Homeowners are selling their pools for millions as demand for land heats up
They were once one of the most coveted features in homes but swimming pools are becoming a rarer site in Sydney as homeowners subdivide them off to sell to developers for millions.
A range of pools snapped off their original blocks have come up for sale with price tags of $1 million-$3 million, with agents reporting the sites will most likely be transformed into duplexes, granny flats and other medium density housing.
Among the strips of land now on the market is a 980sqm block in Turramurra. The land, which is vacant apart from a swimming pool, was subdivided from one of the neighbouring houses and is for sale at $2.25 million.
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Prices set to rise as auction market takes off
A 775sqm block in Mosman that includes just a pool and the surrounding paved area is up for sale through an expressions of interest campaign. Comparable blocks have sold between $2.8 million and $3.2 million.
In Carlingford, a pool and backyard subdivided off the Marsden Rd house in front is up for sale with a price guide of $1.1 million to $1.2 million.
Selling agent Max Pracy of Tracy Yap Realty said many homeowners no longer wanted pools or tennis courts and would rather unlock the value potential in their land.
“A lot has changed in the past 20 years,” Mr Pracy said. “There’s more interest in duplexes and granny flats and buyers often see being close to a train station as more important than having something like a pool.”
He added that a similar trend occurred with tennis courts — a Hunters Hill tennis court subdivided off the neighbouring house on Woolwich Rd recently sold for $3.55 million.
Auctioneer David Scholes has sold off multiple tennis courts and other recreational space and said fewer people were interested in having larger spaces. He added that buyers tended to be drawn to opportunities to build new dwellings from scratch.
Master Builders Australia economist Shane Garrett said homeowners have been able to achieve high prices for land due to a crippling shortage which has kept blocks with building potential in short supply.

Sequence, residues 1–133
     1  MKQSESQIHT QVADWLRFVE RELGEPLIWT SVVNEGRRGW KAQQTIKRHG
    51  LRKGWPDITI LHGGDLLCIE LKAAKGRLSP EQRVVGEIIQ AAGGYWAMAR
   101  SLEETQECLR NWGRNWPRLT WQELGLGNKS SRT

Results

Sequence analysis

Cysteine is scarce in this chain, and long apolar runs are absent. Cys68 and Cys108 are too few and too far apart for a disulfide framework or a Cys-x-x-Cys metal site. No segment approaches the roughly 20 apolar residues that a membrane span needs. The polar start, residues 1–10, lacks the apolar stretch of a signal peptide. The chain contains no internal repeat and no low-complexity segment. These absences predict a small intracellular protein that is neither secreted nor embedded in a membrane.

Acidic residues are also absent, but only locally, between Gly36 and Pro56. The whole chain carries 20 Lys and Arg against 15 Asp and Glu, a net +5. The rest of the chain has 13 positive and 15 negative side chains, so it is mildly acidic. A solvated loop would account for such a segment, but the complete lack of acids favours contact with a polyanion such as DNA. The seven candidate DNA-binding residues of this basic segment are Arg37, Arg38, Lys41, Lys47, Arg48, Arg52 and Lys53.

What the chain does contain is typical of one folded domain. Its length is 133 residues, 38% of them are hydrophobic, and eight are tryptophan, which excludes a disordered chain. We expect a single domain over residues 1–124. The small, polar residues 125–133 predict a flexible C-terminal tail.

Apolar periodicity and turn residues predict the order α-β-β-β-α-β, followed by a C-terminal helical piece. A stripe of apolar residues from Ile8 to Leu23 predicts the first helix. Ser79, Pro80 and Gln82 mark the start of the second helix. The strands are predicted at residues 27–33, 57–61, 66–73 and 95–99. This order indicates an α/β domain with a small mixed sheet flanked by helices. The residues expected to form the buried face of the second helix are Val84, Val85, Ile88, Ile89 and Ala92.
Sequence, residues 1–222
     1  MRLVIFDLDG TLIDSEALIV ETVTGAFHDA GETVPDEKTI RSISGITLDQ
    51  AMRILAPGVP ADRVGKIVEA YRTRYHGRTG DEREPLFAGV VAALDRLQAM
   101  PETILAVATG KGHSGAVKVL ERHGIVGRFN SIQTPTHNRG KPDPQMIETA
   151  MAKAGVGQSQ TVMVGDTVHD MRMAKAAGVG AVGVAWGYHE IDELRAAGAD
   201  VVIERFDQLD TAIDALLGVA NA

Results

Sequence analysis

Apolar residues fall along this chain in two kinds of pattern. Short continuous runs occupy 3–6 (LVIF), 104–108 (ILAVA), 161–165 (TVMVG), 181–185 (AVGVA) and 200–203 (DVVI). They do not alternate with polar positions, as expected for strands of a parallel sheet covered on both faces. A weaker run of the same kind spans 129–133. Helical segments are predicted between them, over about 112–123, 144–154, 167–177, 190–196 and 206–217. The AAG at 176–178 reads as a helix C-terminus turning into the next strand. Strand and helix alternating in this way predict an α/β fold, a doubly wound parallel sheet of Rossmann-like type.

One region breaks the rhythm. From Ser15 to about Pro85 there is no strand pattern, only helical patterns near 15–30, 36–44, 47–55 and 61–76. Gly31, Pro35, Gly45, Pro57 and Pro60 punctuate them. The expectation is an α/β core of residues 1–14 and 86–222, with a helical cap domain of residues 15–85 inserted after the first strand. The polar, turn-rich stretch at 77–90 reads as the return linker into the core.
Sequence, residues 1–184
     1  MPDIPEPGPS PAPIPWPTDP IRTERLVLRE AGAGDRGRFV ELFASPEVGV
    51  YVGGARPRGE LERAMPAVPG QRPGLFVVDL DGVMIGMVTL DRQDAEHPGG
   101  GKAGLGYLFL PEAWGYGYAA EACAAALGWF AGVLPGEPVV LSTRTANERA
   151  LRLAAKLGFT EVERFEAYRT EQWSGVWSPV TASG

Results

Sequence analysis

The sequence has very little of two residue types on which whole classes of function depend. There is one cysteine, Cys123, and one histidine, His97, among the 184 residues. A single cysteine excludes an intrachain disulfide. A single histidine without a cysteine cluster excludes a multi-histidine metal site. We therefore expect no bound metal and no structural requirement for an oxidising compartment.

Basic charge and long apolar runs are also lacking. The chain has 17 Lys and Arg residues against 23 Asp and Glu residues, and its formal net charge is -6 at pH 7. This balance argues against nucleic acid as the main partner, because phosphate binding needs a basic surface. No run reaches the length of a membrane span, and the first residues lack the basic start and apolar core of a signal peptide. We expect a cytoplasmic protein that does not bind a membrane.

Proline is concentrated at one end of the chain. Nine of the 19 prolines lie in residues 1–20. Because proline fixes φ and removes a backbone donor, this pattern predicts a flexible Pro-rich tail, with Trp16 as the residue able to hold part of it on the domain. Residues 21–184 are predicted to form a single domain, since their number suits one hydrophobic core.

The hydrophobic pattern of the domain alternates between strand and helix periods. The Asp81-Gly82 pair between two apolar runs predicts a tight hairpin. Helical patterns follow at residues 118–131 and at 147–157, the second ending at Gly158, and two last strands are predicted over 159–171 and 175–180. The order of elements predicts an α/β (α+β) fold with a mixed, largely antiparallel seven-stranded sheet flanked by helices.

The blocks have also remained in high demand because new, shovel ready land was being released too slowly to meet Sydney’s rapid population growth, he said.
The high demand and low supply was driving city prices above those in many much larger global cities situated in more densely populated countries, Mr Garrett said.
Pricey land sales have come as new data showed Sydney real estate was more expensive on a cost per sqm basis than property in New York, Amsterdam and many other land starved world cities.
Prices per sqm were also only marginally lower than those in Japanese mega city Tokyo, famed for its lack of space and cramped living quarters, a Mori Memorial Foundation report showed.
The study examined 20 global destinations ranked highly in the group’s Global Power City Index and compared the average size of properties available at £1 million in each location.
The average £1 million property in Sydney tended to be smaller than those in Seoul, South Korea, which has a greater metropolitan area with more people than the entire Australian population.
Sydney buyers also got less space than those in Toronto, Los Angeles and Stockholm.
Compared to the Harbour City, buyers got substantially less bang for their buck in only three other cities — Hong Kong, London and Paris.
Buyers also got less in San Francisco and Tokyo, but the amount of space was closer to the Sydney average.